Hibs keeper Mark Oxley loving his Scottish ‘tour’

Hibs' on-loan goalkeeper Mark Oxley will not be fazed by the big crowd on his 'second visit to Ibrox on Monday
Hibs' on-loan goalkeeper Mark Oxley will not be fazed by the big crowd on his 'second visit to Ibrox on Monday
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From Palmerston Park to the Global Energy Stadium to the mighty Ibrox in the space of ten days. All in the life of a present-day Hibs player.

Variety is the space of life, as they say, and Mark Oxley, despite having been farmed out by a club in the richest league in the world, is savouring what he sees as something of an adventure in Scotland.

Playing in the SPFL Championship means travelling to less salubrious venues like Indodrill Stadium, Palmerston and Central Park one week, then running out at some of the best stadia in the country the next, such as Ibrox, Tynecastle and Easter Road.

As he prepares for his second trip to Rangers since joining Hibs on loan from Hull City, the 24-year-old goalkeeper said: “That’s what makes it what it is. I enjoy the small grounds as much as Ibrox and playing at Hearts. It’s part and parcel of football. The tighter grounds where you can hear what every fan is saying, I love that as much as the big grounds, so I’m loving it here. It’s a bit of an adventure.

“If you are in the English Premier League you are going to be at big grounds every week, and I have played in grounds like that when I was out on loan before, such as Anfield, but then you can be at Alloa and it’s like playing at Crawley when there’s 2000 there, so it’s not like I haven’t [played in small grounds] before.”

After playing in front of crowds of 1819 and 3089 in his last two games, Oxley now prepares to run out at one of the biggest stadia in Britain. He has already been to Ibrox, of course, when he made his Hibs debut there in the extra-time defeat by Rangers in the Petrofac Training Cup. On that July evening, only 18,000 people turned up, although on Monday, when seventh-place Hibs visit the Championship’s title favourites, it will probably be in excess of 30,000.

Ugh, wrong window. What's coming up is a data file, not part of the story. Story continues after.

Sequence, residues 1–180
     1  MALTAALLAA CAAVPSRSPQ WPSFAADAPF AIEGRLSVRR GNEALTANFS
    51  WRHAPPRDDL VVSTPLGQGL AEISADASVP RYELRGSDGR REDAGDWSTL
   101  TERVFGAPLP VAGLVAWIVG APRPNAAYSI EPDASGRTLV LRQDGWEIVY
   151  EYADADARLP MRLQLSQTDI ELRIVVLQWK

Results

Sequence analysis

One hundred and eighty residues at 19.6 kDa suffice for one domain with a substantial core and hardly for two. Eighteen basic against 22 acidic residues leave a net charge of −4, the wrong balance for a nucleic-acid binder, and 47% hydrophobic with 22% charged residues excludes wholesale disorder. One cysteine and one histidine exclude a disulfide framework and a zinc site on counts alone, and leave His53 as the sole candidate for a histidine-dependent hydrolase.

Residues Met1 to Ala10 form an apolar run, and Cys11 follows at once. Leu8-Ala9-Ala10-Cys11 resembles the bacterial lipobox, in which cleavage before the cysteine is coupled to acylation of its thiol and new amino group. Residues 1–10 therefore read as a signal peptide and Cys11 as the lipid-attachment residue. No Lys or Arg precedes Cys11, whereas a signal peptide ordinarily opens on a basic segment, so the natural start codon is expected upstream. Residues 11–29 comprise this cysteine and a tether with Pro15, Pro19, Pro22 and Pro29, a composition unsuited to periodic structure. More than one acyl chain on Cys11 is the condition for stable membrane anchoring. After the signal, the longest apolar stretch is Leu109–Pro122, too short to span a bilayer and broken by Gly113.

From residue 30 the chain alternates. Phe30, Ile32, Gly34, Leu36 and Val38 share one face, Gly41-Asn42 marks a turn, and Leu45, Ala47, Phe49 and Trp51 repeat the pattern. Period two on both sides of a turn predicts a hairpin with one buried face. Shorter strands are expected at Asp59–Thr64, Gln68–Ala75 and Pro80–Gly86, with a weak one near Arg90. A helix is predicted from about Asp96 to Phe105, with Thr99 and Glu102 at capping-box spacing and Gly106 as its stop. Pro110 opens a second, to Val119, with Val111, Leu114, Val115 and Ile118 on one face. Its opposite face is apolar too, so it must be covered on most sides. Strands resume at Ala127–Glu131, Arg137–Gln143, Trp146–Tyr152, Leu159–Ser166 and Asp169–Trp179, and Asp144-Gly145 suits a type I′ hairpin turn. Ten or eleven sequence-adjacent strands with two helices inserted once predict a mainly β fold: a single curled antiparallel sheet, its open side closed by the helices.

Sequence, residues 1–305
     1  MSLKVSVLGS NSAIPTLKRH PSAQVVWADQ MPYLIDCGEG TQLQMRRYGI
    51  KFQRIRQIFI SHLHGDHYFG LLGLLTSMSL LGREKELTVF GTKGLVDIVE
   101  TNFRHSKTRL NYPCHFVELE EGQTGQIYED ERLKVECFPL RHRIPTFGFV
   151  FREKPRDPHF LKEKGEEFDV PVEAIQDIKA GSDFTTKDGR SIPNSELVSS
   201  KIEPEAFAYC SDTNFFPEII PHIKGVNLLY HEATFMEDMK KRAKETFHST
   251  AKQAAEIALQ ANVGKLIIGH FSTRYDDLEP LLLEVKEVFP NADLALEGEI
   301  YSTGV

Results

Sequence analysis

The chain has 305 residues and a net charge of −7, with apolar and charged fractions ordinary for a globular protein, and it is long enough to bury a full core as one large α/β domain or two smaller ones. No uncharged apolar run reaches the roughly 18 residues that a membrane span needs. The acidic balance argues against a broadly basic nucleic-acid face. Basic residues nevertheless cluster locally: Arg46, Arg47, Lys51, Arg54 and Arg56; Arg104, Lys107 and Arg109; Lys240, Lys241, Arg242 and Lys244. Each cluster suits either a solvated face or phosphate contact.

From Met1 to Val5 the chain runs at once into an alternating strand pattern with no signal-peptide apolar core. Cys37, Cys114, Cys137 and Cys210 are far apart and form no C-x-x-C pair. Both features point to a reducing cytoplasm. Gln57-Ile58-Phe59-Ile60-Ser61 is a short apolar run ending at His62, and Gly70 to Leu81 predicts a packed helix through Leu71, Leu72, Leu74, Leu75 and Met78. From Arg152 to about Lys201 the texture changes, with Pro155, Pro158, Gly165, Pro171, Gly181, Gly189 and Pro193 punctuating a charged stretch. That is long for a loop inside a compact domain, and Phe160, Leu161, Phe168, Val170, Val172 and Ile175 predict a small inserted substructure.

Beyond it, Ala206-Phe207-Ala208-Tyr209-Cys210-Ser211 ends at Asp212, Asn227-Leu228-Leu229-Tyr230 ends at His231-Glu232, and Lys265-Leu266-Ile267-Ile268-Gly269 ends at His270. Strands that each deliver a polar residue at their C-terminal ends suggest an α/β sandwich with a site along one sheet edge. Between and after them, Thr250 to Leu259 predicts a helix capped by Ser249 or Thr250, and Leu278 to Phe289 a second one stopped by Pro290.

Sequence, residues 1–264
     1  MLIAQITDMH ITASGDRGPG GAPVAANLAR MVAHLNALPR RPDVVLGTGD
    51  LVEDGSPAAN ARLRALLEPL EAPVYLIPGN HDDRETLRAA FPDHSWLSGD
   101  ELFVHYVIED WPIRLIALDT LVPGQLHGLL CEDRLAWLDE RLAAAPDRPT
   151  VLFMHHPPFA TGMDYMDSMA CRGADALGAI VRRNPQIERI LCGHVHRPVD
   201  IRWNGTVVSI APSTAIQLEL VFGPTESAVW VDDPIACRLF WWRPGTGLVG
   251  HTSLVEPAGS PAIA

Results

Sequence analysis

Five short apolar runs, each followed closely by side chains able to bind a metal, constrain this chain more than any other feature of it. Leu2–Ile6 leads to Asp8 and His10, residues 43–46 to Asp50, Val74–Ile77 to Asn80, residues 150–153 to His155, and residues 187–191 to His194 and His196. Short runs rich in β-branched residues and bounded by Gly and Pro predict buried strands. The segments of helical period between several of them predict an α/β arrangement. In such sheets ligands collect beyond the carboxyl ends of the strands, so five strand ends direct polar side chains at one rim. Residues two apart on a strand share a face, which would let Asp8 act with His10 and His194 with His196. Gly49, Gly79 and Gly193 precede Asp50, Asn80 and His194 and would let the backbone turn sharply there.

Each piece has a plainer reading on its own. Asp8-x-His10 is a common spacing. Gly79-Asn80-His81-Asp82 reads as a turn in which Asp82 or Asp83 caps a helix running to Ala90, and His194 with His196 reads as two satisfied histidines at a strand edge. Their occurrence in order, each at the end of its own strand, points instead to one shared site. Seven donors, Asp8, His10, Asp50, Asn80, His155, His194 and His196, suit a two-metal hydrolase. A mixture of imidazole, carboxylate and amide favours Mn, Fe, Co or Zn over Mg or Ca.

Having played against Liverpool at a full-house Anfield while on loan at Oldham in January, Oxley will be unfazed by the size of the Rangers support. Indeed, he believes a large home turnout could be a positive for his side given the level of disenchantment among many Teddy Bears over the way their club is being run off the field. “I loved it through there the last time,” recalls Oxley.

“There weren’t that many there that night. There were a fair few, but there will be more for the league games, I assume. I like it because in some of the new grounds, the fans are miles away from the pitch but it’s pretty tight in at Ibrox which can’t be said at a lot of big grounds. I actually said when we went on the pitch before the last game that it reminds me a bit of Anfield. It’s not overpowering but it is a nice, old-fashioned kind of stadium.

“Allan McGregor [Oxley’s Hull colleague and former Rangers goalkeeper] has played in front of massive sellout crowds there and he has said how good it is, and I have seen games on TV, but I think this is a good chance for us to play there at a time when the fans are getting a bit uptight – we can use that as a tool to help us and get our fans behind us. We’re not fussed either way what the crowd is. It won’t bother us if there’s 10,000 or 35,000 there. We are going there with the view to get a result. We are not going there just to make up the numbers.

“We will go into the game fully aware of what they are capable of. I thought we matched them for most of the last game. They got the result in the end, but if we put in a performance that we know we are capable of and cut out the mistakes that we have been making, I don’t see why we can’t get a result.”